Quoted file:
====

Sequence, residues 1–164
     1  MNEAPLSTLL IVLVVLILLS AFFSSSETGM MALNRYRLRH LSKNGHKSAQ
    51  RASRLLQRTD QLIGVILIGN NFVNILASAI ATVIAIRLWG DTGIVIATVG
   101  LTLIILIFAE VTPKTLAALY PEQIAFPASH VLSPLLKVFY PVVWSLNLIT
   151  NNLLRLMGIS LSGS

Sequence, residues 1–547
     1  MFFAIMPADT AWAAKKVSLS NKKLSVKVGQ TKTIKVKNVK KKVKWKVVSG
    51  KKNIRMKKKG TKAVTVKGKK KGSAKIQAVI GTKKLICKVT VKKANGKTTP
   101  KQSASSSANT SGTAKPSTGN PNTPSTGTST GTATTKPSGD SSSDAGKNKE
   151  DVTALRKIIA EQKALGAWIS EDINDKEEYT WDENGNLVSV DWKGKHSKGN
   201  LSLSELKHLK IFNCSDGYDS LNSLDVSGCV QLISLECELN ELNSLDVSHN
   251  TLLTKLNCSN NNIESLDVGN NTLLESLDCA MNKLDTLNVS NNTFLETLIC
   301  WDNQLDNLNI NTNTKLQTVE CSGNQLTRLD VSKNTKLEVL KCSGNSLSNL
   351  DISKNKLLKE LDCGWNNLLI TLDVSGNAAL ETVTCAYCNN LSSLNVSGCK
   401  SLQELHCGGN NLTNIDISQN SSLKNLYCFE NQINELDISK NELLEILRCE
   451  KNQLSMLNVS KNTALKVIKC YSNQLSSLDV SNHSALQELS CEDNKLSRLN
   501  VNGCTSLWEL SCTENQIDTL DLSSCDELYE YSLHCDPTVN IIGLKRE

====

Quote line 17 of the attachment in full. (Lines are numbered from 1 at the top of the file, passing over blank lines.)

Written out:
   501  VNGCTSLWEL SCTENQIDTL DLSSCDELYE YSLHCDPTVN IIGLKRE